who has never … “Screwed Up” at Work?

Work Screw-upWell, Allison Green has written an article entitled, How to Rebuild Your Credibility After Messing Up at Work. I hope that you do not need this advice, but if you do here it is.

When you really mess up at work, you can harm your reputation and relationships with managers and co-workers. Of course, everyone make minor mistakes, but the ones that concern us most are the significant mistakes. If you are lucky, you may have a manager or team leader who is understanding, empathetic and is willing to coach you. Serious mistakes may go beyond the authority of your manager and affect the reputation and financial condition of the organization.

Although it may feel like you are in a hole from which you can never extricate yourself, Allison’s recommendations can help. Three of her recommendations resonate with me but you can also link to the original article.

Here are my top 3:

1. Acknowledge what happened. When you mess up, talking about it might be the last thing you feel like doing. But how you take responsibility for what happened will be one of the biggest elements in the impression it leaves on people. Immediately admit what happened, and don’t make excuses or get defensive. Use words such as, “I really screwed this up” and “I get what a big deal this it.” In fact, the more concerned you seem, the less your boss is likely to feel that she needs to impress the severity of the mistake on you.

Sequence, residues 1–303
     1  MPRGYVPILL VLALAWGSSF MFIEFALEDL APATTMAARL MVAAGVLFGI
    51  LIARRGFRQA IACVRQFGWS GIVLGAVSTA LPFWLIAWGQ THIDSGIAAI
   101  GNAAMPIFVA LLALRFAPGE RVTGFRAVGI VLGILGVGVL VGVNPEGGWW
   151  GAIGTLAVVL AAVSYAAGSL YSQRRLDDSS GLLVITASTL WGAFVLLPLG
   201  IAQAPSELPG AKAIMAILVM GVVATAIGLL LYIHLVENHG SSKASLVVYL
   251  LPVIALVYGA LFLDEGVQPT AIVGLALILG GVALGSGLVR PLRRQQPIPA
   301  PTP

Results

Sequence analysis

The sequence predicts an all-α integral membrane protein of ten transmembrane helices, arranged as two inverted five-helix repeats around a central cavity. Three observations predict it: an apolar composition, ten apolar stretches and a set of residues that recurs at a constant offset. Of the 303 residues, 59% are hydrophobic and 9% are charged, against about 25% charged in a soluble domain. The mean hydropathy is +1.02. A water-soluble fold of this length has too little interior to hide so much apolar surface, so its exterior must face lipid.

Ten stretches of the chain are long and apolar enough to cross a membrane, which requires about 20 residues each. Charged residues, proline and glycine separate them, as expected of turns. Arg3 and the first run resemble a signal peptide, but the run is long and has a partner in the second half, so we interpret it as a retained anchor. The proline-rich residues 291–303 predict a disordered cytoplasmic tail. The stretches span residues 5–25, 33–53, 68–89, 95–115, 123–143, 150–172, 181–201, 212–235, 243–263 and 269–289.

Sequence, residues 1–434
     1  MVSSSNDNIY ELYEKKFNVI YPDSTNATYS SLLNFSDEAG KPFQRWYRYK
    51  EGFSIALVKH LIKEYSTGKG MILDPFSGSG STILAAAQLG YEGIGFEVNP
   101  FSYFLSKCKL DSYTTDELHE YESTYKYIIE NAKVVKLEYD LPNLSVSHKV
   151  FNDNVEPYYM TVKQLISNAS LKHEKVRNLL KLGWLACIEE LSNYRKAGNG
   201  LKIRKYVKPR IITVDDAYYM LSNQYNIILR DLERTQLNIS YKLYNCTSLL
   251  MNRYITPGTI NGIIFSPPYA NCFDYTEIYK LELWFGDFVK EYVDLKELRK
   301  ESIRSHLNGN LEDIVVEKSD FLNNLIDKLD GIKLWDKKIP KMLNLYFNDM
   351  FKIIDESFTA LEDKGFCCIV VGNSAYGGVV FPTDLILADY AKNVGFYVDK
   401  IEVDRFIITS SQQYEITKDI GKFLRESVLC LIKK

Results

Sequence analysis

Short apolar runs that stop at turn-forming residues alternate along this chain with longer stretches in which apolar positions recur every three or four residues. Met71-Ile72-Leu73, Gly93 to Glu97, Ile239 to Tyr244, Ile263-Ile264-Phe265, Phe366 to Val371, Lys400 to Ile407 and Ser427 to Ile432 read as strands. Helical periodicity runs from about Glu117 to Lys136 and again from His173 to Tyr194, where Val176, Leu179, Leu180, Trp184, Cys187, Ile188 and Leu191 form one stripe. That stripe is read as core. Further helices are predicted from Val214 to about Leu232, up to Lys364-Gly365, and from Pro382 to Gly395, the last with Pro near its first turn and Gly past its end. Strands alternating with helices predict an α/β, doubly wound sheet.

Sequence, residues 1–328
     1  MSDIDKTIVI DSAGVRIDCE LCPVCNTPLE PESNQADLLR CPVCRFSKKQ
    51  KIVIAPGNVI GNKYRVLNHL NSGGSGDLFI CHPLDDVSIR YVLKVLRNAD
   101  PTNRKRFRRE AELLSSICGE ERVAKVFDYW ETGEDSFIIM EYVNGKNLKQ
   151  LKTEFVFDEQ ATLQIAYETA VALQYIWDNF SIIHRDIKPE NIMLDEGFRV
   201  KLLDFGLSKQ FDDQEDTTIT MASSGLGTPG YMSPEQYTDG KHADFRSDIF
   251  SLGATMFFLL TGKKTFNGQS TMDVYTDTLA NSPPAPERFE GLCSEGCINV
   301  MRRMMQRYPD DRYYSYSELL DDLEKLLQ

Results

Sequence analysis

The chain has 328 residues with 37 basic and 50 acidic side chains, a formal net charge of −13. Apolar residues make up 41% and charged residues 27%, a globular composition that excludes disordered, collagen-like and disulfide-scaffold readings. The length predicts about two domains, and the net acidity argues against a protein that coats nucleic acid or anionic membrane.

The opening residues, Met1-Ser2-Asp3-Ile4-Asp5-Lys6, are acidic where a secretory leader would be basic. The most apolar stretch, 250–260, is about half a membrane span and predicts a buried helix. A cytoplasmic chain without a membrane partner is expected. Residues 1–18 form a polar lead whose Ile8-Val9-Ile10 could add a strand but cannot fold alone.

2. Communicate. You might be tempted to just keep your head down and avoid your boss, because you might be nervous about talking with her or getting feedback on your work. That’s the worst instinct you can have in this situation. If your boss does have serious concerns about you, going underground will exacerbate them. Keeping open lines of communication and talking to her about the good work you’re doing will help mitigate the concerns that were raised earlier.

3. Don’t panic. When you know you’ve really screwed up, you might naturally panic or obsess about how you’re now seen. But to the extent you can, it’s important to put this behind you mentally, because dwelling on it will often keep you in a tense mental space where you’re more likely to mess up again – the opposite of what you want. Try not to obsess over the mistake too much, and remember that most people who make mistakes at work – even big ones – aren’t fired for them.

Related Articles: Watch Out For Two Important Effects!! and Boss, I Need More Training

Please “Like” and share your comments. Additional training resources are located here.

FREE Digital Course PreviewsChange Management  PRIDE System of Customer Service  Interviewing Skills  Performance Management  ROAR Model of Process Improvement  Superior Sales Strategies  Time Management

James E. McClain is the author of Successful Career Development: A Game Plan, the book upon which some of our training programs are based. He has over 30 years' experience as a corporate HR executive, small business owner with ongoing experience in career development and as a college instructor. His educational background includes a B.S. and Masters degrees Education and Certification in Financial Planning. Our promise is that "you can pay more for training but you can not buy better training." The mission is to deliver the most effective and cost effective training and development programs.

Tagged with:
Posted in Performance Management

Enter your email address to follow this blog and receive notifications of new posts by email.

Join 135 other followers

%d bloggers like this: